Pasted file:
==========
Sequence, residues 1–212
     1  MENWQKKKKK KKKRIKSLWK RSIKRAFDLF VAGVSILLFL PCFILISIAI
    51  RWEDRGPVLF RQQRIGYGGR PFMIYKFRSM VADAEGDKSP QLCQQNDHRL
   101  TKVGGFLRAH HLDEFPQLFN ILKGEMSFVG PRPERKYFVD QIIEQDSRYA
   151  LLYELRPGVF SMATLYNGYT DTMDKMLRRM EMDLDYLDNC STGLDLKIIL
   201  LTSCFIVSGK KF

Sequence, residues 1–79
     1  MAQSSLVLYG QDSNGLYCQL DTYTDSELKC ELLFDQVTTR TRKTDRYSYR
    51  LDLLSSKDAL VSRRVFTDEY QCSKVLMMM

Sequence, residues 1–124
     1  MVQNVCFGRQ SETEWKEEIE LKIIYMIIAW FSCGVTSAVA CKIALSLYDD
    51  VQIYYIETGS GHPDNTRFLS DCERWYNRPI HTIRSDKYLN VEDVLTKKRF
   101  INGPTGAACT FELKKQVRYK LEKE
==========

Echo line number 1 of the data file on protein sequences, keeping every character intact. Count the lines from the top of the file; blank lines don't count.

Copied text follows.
Sequence, residues 1–212